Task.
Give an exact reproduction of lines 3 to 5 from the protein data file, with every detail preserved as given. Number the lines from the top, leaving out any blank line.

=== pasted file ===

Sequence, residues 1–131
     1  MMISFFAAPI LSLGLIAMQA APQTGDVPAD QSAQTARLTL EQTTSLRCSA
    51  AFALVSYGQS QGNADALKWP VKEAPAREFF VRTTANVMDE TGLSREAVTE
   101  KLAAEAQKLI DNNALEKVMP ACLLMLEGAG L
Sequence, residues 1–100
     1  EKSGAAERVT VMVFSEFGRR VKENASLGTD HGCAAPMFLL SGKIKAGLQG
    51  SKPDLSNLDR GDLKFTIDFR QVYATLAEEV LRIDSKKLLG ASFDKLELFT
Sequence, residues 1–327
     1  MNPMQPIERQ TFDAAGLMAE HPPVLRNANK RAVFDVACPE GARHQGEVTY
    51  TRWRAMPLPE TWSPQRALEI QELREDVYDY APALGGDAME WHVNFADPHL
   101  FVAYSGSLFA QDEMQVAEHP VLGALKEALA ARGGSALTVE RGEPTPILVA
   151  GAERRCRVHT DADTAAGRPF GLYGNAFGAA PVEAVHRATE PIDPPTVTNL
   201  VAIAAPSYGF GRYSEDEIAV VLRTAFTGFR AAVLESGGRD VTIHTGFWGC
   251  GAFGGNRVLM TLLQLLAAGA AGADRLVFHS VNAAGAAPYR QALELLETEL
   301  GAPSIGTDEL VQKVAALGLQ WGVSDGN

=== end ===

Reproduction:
    51  AFALVSYGQS QGNADALKWP VKEAPAREFF VRTTANVMDE TGLSREAVTE
   101  KLAAEAQKLI DNNALEKVMP ACLLMLEGAG L
Sequence, residues 1–100